House when it advises a thing, even if it is a little more éclat to a ceriain service. That eign intercourse was $40,000. In this bill it | indorsed by a committee of this body. is his argument, and under his argument, is $80,000. The Senator from Pennsylvania, Now, sir, with reference to these two items, yielding to its pressure, we åppointed a new as I understand him, moves to strike out $80,000 it is a fact unquestionably, as stated by my functionary in the Department of the Navy. and insert $50,000, making the appropriation ll honorable friend from Illinois, that before the
That is my
war the appropriation for one of these contin Mr. GRIMES. I suppose it was made up mission of dispatches. Now, no reason is given gencies was $20,000, and for the other, $10,00). from the bill of last year.
for increasing this item to $60,000. The chair. When the war came on it was represented, Mr. FESSENDEN. Yes, the amount appro man of the committce gives no reason for inundoubtedly with truth, (I had something to priated last year was taken instead of going | creasing it from $20,000 to $60,000. I think it do with raising these items,) that necessarily || back to the year before the war.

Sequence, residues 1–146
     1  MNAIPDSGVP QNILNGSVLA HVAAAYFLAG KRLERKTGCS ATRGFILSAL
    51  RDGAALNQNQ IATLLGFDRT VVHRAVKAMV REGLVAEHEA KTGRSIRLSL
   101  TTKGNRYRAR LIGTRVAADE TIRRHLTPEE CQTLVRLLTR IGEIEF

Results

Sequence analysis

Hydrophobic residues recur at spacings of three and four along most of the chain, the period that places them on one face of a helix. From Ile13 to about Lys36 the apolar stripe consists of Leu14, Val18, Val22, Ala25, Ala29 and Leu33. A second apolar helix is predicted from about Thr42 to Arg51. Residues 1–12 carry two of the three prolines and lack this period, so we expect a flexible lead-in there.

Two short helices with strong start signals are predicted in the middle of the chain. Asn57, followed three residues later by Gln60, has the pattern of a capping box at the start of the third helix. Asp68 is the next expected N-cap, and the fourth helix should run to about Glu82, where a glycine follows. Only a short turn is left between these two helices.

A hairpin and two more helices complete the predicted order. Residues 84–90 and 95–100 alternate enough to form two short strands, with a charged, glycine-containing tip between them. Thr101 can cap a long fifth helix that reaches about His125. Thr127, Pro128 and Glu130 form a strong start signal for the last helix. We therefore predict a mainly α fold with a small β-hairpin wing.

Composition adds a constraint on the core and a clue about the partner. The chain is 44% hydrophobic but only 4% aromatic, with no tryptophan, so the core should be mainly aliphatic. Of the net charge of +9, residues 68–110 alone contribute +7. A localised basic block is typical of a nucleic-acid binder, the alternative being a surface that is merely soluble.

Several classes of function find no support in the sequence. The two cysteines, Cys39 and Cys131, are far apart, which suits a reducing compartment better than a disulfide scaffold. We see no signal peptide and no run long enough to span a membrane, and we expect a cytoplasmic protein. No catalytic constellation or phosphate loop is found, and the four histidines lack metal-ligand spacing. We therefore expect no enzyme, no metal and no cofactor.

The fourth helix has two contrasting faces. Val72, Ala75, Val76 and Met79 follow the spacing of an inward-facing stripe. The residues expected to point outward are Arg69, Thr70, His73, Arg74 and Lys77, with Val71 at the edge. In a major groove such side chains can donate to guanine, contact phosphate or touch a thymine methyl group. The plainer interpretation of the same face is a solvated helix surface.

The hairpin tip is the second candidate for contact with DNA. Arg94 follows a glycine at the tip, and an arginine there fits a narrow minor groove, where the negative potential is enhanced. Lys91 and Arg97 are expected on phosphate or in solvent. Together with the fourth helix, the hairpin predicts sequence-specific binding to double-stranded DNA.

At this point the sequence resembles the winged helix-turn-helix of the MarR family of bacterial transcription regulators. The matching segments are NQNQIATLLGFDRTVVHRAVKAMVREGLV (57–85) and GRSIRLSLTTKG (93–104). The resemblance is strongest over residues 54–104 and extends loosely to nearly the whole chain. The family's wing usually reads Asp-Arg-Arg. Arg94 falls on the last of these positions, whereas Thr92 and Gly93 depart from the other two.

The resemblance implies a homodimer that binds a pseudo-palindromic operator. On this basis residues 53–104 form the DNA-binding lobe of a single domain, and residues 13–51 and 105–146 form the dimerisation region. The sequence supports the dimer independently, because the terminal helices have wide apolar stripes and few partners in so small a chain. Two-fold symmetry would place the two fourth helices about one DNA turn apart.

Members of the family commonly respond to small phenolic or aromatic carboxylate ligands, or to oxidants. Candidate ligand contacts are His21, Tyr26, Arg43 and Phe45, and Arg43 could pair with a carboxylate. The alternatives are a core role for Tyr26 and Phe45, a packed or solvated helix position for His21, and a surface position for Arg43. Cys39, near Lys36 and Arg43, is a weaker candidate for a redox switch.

would be safe to put it at $30,000. I admit it is in time of war the communications abroad Mr. COWAN. I suppose there is no mode doing it very much at randoin, and I would not would be very great and very frequent, and by which anybody can ascertain the disposition vote to reduce it at all if anybody could give a that there would be a great many occasions made of this fund. I suppose it is not intended reason why it should be $60,000; but it seems when money must be spent; and I took the that there should be.
to me if $20,000 answered before the war, responsibility of advising that these estimates Mr. FESSENDEN. I suppose there is no $30,000 will do now. be raised for that reason. Now, I have taken committee, except perhaps the committee of Mr. JOHNSON. The chairman of the com. a little pains to inquire what this means. The the other House on the expenditure of the mittee of course knows nothing but what he first provision is for the ordinary expenses of State Department, that could look into it. I collects from the estimates. I suppose that our missions-postages and little items of was told by Mr. Hunter--and I have no doubt when the State Department estimated $60.000 expense.
it is true-ihat the money we have appropriated as necessary to meet expenses of this descripDIr. SUMNER. Sending the dispatch-bag. || heretofore for these purposes has been expended tion, it was only because they knew that it